In the wake of escalating attacks by Boko Haram militants, tens of thousands of people in southeast Niger have been forced to flee their homes, according to the United Nations refugee agency.
Boko Haram’s attacks on the town of Bosso on Friday, Sunday and Monday displaced an estimated 50,000 people in the troubled Diffa region, the UNHCR said.
Those fleeing Bosso are mainly walking westward to the town of Toumour, some 30 kilometers to the west, UNHCR spokesman Adrian Edwards said at a news conference Tuesday, noting people reportedly are "traumatized."
"People are sleeping in the open. People urgently need shelter. They need other help," he said. "… The welfare of these people and others forced to flee in this region is, at present, of great concern."
He added that insecurity has "long hampered humanitarian operations in parts of this region."
Last month, the UNHCR warned that humanitarian and security conditions in the Diffa region were worsening. The agency said the area was so dangerous its staff has not been able to work in Bosso since February 2015, when Boko Haram insurgents widened their area of conflict from Nigeria to Niger. Since then, at least 240,000 people have been displaced in the region, the agency estimates. That includes 80,000 Nigerian refugees.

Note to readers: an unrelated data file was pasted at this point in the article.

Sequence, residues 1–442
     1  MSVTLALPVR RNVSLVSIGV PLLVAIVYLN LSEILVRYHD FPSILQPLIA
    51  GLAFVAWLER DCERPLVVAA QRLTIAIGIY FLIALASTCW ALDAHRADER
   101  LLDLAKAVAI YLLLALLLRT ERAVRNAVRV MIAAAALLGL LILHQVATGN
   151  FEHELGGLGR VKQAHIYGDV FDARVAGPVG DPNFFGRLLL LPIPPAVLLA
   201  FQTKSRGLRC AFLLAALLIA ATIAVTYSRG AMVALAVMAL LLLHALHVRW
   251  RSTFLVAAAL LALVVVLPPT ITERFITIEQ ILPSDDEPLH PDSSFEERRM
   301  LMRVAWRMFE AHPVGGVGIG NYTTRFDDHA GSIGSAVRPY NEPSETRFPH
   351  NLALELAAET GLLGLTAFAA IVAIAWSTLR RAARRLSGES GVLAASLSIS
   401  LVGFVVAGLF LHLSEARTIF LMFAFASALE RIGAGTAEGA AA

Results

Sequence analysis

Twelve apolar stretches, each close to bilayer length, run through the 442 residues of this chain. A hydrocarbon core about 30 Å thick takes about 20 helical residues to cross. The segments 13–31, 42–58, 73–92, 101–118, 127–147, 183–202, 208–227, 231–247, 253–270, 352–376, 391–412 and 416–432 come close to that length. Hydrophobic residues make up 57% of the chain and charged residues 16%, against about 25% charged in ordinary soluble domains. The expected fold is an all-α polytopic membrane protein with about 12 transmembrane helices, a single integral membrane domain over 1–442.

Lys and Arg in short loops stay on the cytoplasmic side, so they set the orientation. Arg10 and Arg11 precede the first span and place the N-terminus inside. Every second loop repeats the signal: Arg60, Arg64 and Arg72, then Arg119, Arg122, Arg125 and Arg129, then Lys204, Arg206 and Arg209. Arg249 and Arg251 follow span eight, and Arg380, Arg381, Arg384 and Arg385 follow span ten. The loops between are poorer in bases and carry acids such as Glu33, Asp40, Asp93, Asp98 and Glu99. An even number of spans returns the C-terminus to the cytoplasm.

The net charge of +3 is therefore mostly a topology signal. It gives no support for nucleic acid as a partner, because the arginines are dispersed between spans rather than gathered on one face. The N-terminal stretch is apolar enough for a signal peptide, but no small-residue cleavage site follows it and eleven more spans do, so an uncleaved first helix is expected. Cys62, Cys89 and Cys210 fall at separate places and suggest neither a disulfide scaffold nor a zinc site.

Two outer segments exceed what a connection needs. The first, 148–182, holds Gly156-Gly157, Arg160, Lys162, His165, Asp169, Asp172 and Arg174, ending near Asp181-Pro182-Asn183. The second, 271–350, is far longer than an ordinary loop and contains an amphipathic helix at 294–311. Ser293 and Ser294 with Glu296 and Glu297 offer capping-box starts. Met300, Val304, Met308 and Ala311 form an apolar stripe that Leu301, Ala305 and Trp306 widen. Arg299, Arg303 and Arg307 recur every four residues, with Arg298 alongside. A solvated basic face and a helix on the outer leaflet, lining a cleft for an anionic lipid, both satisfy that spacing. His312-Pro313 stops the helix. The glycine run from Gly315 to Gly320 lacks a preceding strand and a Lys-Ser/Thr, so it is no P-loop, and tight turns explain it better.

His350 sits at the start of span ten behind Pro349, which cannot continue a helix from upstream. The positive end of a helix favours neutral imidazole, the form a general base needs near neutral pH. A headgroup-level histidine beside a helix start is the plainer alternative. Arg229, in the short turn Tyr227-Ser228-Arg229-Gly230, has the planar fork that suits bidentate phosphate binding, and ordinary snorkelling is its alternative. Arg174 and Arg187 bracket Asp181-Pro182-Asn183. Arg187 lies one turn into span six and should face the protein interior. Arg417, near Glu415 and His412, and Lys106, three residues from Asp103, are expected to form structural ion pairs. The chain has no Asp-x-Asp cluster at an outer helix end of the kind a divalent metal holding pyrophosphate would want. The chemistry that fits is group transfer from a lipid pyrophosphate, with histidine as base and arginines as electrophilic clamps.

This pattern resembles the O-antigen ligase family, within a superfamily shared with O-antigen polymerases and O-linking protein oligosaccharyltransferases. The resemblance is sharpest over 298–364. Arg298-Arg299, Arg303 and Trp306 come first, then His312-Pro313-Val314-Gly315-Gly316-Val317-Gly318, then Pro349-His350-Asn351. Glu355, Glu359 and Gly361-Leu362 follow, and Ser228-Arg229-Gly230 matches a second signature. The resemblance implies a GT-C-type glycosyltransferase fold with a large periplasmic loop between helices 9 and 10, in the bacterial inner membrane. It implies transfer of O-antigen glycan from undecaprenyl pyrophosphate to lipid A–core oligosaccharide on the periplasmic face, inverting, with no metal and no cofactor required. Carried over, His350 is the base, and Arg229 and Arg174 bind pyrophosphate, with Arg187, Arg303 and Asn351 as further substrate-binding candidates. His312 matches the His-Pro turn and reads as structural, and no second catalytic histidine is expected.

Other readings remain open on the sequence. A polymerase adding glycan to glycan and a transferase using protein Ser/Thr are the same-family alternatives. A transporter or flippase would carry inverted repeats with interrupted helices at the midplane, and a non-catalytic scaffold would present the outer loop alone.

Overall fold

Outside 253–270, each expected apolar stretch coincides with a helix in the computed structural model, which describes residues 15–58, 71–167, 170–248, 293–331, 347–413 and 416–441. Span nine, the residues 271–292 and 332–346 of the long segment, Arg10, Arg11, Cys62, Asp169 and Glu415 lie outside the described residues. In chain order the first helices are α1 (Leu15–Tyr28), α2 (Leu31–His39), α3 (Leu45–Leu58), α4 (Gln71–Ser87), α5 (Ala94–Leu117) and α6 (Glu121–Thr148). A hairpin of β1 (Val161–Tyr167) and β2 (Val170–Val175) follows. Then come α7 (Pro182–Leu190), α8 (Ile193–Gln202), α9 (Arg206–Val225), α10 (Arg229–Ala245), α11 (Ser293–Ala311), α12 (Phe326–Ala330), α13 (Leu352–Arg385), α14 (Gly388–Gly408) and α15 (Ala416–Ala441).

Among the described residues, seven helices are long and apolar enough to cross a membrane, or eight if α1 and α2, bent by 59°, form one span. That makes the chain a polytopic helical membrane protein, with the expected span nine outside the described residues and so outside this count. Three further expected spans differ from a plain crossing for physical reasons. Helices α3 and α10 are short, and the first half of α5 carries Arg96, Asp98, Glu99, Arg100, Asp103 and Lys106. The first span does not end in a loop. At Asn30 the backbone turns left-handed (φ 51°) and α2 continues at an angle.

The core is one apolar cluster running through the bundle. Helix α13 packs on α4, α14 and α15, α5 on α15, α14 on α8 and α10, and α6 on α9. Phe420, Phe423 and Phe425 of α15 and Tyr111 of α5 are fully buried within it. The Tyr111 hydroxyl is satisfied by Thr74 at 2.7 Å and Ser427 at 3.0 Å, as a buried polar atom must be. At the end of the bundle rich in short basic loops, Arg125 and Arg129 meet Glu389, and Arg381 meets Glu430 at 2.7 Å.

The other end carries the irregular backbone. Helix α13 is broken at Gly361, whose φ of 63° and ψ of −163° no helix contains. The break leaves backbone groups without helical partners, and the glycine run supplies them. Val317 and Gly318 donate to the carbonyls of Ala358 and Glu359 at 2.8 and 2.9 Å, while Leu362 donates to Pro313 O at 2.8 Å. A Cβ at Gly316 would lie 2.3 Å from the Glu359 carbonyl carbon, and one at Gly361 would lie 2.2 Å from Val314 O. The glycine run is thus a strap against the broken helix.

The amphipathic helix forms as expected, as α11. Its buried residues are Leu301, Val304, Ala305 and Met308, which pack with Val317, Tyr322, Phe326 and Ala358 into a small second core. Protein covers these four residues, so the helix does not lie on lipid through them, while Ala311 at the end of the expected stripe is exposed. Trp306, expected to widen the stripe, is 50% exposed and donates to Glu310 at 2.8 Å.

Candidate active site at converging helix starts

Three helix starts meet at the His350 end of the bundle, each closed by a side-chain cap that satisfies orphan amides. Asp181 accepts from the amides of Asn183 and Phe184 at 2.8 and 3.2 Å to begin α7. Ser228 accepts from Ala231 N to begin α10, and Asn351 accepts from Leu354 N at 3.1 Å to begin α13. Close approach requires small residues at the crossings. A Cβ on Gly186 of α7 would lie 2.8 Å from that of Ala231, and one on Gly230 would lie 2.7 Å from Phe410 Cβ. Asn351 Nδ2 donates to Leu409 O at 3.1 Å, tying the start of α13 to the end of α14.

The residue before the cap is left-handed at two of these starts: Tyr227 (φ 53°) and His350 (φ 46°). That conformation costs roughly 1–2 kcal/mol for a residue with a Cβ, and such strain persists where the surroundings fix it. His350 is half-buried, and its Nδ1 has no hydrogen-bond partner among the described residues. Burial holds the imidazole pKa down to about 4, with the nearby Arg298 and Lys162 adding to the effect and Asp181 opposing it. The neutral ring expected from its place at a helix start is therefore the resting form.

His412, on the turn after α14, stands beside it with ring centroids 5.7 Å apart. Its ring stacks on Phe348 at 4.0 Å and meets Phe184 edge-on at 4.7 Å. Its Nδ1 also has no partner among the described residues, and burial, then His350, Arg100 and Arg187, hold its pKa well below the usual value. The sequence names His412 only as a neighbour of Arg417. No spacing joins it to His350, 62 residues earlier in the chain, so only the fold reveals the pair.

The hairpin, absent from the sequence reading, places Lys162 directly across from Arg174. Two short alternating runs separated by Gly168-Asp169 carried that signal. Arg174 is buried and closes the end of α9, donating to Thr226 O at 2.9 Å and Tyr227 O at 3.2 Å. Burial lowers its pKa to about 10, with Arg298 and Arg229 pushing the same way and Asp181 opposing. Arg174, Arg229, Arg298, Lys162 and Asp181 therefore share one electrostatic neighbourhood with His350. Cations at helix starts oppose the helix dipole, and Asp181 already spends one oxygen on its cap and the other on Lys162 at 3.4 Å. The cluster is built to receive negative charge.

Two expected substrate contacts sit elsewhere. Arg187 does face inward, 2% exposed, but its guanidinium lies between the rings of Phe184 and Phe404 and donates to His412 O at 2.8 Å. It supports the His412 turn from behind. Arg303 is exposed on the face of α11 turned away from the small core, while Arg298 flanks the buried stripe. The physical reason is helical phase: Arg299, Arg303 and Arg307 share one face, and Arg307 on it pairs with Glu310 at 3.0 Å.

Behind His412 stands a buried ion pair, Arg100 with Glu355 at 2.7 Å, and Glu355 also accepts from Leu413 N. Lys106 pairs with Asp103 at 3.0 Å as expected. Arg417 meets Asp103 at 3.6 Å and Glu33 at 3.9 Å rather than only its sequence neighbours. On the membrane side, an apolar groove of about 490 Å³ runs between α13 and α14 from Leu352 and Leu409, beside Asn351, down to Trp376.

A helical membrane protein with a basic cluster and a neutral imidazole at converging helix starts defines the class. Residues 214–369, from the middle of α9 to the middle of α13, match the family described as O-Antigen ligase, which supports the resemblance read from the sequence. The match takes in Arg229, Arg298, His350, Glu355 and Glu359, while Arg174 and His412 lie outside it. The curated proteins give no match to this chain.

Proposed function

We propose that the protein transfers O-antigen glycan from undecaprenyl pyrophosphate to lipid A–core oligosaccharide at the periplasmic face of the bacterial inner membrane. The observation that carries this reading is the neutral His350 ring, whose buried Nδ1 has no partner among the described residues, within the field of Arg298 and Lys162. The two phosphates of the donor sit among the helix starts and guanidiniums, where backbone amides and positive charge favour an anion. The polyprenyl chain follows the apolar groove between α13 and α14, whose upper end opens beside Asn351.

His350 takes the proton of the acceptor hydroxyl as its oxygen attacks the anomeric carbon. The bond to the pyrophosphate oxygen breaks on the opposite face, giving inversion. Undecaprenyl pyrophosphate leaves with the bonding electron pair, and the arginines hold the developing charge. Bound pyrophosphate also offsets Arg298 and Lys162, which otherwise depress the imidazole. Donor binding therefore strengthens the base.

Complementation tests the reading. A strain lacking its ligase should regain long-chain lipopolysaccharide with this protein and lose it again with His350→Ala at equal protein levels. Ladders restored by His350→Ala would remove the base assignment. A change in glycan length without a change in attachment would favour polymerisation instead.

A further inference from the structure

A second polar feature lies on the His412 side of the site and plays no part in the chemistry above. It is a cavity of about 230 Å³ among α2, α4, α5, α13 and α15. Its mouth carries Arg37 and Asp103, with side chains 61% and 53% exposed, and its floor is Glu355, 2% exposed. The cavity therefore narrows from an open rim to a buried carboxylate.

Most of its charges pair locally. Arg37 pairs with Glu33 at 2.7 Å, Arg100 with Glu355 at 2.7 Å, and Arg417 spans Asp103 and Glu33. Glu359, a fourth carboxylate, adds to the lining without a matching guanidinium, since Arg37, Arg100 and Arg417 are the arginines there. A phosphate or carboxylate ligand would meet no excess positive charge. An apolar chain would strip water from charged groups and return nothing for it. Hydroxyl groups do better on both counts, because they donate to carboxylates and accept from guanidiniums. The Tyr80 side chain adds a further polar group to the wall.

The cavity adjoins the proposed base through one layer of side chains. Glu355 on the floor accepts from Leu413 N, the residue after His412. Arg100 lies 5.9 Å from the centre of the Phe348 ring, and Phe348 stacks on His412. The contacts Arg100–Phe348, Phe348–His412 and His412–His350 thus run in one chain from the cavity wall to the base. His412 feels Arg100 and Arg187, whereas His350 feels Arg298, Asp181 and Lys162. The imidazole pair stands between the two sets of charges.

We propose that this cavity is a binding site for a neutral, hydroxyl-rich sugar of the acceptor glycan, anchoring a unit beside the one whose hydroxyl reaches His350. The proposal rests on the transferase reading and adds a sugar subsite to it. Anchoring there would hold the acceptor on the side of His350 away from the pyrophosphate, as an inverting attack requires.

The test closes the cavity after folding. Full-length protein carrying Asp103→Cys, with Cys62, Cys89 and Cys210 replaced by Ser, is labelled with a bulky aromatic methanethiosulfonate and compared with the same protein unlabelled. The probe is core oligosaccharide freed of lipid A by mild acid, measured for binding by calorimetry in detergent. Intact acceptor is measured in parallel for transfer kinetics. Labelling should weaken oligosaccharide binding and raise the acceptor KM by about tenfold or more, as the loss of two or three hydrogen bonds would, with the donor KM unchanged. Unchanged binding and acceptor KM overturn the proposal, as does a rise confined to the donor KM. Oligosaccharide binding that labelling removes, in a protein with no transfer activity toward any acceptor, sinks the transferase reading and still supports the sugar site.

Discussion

The UNHCR is working on a plan with authorities and aid partners to help the thousands of newly displaced people, Edwards said.
He told VOA the agency would send an emergency team to the Difffa region this week. "We do have a camp not far away from there," he said, noting it’s already at capacity and "these new numbers… clearly could not be accommodated."